25th Trillium Award

Trillium Testimonial: Dalton Higgins

Share |
Trillium Award 25th Anniversary

This year marks the 25th Anniversary of Ontario's illustrious Trillium Book Award/Prix Trillium. To celebrate this silver milestone, Open Book has asked members of the literary community to tell us what they love about their favourite award-winning Trillium title. If you're looking for a recommended read (or re-read), follow these Trillium Testimonials on Open Book: Ontario from now until the winners of the 2012 award competition are announced. Today, author and Open Book contributor Dalton Higgins tells us why he's chosen Ian Brown's The Boy in the Moon (Random House Canada), winner of the Trillium Book Award for titles published in 2009.

Open Book:

What do you love about this book?

Dalton Higgins:

I preternaturally tend to gravitate toward outlier-styled narratives, and this one was that. In hip hop culture we obsess over this concept of "keeping it real," which loosely interprets to mean that it's best to keep things raw, authentic, genuine, unfiltered. The Boy in the Moon is very hip hop in that way, as Brown spares no feelings writing about raising his son Walker, who’s born with a rare genetic condition (cardiofaciocutaneous syndrome) that only 100 people in the world have. A few chapters in, I was thinking there’s no way I’d be able to relate directly to Brown and his wife’s struggles to find suitable supports for their high-maintenance son, to simply get a good night’s sleep. By the end, as a father myself, I felt like I was sitting next to Brown on this roller coaster ride of emotions. Like, who doesn’t want their child to be able to live a somewhat normal life, to revel in the daily drudgeries we sometimes take for granted? It’s an exhausting, gripping read.


When did you first read it?


I took it out from the library in 2009, immediately after I sat on a panel discussion with Brown at a TVO show about parenting (Do Dads Matter?). He seemed like a feisty, pompous character on the green room couch. And I was hell bent on digging into some more parent lit. (I was still doing research for my last book, Fatherhood 4.0). It’s funny because at the time I didn’t know Brown’s written work from jack, though we'd appeared at a Saturday Night Magazine contributors reading at Chapters a number of years ago. While I was trolling some news sites years later, I'd actually stumbled into this audio-visual documentary piece on The Globe and Mail website in 2007 called "My sweet sweet lost and broken boy” featuring Brown narrating a story about the toll his son’s illness was taking on his life. It left a deep impression on me, because there’s this saying that many black folk hear growing up, given our struggles, something about The Creator not burdening you with more stress than you can handle. I thought, did Brown and The Creator need to go for an over-priced espresso at Lettieri on this one?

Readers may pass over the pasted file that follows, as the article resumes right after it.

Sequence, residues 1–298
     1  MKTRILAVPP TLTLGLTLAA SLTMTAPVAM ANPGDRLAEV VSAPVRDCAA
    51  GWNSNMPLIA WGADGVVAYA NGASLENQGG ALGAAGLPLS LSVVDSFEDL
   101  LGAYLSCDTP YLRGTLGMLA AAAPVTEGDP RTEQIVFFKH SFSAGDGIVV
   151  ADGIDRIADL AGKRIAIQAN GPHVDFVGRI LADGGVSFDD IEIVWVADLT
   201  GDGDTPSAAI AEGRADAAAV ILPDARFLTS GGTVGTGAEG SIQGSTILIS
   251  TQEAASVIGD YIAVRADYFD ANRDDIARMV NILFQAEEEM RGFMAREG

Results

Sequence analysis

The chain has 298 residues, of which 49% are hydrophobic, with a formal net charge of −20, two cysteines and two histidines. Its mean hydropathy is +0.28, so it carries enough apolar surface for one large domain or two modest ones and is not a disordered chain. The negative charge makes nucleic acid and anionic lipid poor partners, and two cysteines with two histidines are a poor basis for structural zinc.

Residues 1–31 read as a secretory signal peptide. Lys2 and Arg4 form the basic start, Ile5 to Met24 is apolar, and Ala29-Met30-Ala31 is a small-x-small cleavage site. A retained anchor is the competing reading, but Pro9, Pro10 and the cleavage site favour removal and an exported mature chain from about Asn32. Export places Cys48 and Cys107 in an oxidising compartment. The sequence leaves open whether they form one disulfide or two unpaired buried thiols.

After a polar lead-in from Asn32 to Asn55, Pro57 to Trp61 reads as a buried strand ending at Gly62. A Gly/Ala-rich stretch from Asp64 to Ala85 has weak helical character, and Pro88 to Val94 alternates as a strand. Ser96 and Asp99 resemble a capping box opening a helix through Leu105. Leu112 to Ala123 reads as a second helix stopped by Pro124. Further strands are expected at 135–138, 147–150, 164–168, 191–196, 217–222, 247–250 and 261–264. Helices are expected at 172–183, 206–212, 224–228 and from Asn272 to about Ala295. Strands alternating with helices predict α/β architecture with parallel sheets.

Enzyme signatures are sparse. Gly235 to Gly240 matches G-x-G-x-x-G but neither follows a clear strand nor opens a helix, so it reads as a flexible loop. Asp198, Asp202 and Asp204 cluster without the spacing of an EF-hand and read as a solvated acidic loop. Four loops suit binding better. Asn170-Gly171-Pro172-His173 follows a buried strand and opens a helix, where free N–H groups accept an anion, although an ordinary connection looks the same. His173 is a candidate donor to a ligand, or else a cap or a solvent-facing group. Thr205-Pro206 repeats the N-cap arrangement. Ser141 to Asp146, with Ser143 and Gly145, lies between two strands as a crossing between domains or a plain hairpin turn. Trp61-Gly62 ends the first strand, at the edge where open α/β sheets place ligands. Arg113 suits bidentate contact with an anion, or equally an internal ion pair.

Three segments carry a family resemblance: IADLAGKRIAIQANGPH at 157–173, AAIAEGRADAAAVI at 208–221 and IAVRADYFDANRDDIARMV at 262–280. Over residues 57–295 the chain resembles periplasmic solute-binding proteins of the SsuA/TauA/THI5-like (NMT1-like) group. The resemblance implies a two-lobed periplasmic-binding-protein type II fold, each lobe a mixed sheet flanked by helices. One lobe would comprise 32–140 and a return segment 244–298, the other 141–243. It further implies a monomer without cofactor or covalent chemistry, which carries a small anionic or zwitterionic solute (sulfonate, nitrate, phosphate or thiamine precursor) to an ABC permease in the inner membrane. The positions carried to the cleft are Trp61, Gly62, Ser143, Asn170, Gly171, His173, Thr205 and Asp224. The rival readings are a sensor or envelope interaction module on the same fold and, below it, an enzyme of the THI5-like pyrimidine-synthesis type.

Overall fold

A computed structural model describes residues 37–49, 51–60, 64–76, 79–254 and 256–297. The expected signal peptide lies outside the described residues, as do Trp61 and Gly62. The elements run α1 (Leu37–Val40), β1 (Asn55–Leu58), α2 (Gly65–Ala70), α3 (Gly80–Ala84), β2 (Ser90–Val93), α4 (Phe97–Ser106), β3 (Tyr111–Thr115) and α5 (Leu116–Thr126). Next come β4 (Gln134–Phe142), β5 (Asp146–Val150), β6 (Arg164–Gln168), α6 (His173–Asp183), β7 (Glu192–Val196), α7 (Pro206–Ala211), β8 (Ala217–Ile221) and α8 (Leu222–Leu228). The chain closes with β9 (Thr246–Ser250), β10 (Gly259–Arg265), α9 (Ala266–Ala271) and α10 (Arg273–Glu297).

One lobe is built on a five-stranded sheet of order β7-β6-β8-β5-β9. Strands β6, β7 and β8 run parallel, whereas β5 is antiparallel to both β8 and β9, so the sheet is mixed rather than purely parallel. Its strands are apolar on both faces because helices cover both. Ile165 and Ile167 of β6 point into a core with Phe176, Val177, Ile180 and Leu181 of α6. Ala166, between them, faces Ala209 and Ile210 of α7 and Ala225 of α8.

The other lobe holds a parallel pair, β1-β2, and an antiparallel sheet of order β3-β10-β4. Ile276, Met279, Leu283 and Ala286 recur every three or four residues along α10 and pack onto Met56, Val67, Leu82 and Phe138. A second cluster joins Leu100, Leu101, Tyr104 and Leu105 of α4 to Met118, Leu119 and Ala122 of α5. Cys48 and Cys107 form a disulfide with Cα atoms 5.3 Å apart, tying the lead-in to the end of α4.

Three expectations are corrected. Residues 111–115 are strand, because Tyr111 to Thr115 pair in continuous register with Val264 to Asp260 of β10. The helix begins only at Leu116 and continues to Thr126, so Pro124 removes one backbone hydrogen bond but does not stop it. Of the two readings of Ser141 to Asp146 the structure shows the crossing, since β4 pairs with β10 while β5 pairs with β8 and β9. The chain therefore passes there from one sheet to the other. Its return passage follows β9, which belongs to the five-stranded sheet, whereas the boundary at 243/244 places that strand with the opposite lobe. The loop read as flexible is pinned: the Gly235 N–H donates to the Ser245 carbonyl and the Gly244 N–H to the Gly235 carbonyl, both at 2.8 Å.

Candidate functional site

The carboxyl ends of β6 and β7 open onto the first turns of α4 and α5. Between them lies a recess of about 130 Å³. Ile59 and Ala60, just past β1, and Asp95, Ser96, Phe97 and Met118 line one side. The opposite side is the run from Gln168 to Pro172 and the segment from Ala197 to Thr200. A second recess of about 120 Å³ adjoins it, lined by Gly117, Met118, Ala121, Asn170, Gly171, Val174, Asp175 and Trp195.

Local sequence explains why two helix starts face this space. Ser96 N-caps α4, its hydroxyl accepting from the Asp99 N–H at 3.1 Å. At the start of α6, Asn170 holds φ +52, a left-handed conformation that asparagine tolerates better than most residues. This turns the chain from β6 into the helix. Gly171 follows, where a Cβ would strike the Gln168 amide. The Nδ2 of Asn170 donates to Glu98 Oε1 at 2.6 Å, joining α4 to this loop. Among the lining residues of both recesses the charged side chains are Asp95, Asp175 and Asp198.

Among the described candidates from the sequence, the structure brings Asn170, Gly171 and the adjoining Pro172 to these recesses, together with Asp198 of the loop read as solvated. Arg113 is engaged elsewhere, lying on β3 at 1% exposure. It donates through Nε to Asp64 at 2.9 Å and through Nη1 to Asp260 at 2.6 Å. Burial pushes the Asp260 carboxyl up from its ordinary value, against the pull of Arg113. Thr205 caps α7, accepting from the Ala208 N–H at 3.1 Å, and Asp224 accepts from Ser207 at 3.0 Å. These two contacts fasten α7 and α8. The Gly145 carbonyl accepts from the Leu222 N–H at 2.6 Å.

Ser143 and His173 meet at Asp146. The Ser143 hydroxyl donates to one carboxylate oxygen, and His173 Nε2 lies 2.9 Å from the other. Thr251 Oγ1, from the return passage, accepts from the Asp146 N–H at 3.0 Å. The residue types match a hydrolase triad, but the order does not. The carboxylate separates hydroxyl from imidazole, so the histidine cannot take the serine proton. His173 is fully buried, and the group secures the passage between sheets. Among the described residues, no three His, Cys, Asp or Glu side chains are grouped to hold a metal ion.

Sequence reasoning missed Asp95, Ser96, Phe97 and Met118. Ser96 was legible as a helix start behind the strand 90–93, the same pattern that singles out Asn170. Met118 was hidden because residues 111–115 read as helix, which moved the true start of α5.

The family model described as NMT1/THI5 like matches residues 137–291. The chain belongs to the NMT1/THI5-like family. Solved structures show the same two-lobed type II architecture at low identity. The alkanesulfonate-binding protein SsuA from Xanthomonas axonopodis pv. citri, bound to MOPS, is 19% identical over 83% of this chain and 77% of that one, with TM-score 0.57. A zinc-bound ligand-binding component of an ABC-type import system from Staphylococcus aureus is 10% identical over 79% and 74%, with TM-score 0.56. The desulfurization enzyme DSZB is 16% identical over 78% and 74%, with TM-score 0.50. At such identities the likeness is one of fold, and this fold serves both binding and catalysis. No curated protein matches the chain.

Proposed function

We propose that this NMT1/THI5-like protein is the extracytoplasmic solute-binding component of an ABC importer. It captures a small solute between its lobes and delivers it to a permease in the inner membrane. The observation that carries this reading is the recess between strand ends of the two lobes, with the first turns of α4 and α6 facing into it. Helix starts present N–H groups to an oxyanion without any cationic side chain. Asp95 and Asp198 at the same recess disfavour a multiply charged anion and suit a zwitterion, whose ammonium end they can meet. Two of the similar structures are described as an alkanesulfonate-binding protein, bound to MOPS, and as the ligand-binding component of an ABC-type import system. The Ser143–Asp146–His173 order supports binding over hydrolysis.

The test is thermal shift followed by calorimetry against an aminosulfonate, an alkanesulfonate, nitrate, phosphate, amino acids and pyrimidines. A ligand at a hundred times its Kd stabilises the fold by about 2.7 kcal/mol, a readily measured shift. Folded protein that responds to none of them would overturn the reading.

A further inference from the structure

Dalton Higgins is a music programmer, pop culture critic, author, broadcaster and national magazine award-winning journalist. He is Canada’s foremost expert on hip hop culture. In addition to writing numerous articles for Canadian and US print and on-line magazines, he is the author of Hip Hop World (Groundwood Books/House of Anansi) and co-author of Hip Hop (Thomson Nelson) and Much Master T: A VJ’s Journey (ECW Press). As a broadcaster, Dalton has hosted his own TV show and has appeared as a pundit on every major Canadian network. You can visit Dalton at his blog. His most recent book is Fatherhood 4.0: iDad Applications Across Cultures (Insomniac Press). Click here to read Dalton's archived articles on Open Book: Toronto.

You could be reading your top Trillium titles on a new Kobo eReader! Click here for details on our Trillium 25th Anniversary Contest.

Post new comment

  • Web page addresses and e-mail addresses turn into links automatically.
  • Allowed HTML tags: <a> <em> <strong> <cite> <code> <ul> <ol> <li> <dl> <dt> <dd>
  • Lines and paragraphs break automatically.

More information about formatting options

By submitting this form, you accept the Mollom privacy policy.

Advanced Search